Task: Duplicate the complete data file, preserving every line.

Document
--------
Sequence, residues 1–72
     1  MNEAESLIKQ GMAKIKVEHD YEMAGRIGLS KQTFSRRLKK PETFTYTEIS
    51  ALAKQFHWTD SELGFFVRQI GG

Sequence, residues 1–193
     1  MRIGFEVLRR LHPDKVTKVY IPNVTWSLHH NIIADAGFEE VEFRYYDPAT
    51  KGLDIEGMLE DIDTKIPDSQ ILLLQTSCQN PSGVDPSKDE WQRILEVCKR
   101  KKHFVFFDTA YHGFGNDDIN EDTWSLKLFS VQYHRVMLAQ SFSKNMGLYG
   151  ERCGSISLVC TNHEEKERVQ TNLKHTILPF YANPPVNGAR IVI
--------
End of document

Sequence, residues 1–72
     1  MNEAESLIKQ GMAKIKVEHD YEMAGRIGLS KQTFSRRLKK PETFTYTEIS
    51  ALAKQFHWTD SELGFFVRQI GG

Sequence, residues 1–193
     1  MRIGFEVLRR LHPDKVTKVY IPNVTWSLHH NIIADAGFEE VEFRYYDPAT
    51  KGLDIEGMLE DIDTKIPDSQ ILLLQTSCQN PSGVDPSKDE WQRILEVCKR
   101  KKHFVFFDTA YHGFGNDDIN EDTWSLKLFS VQYHRVMLAQ SFSKNMGLYG
   151  ERCGSISLVC TNHEEKERVQ TNLKHTILPF YANPPVNGAR IVI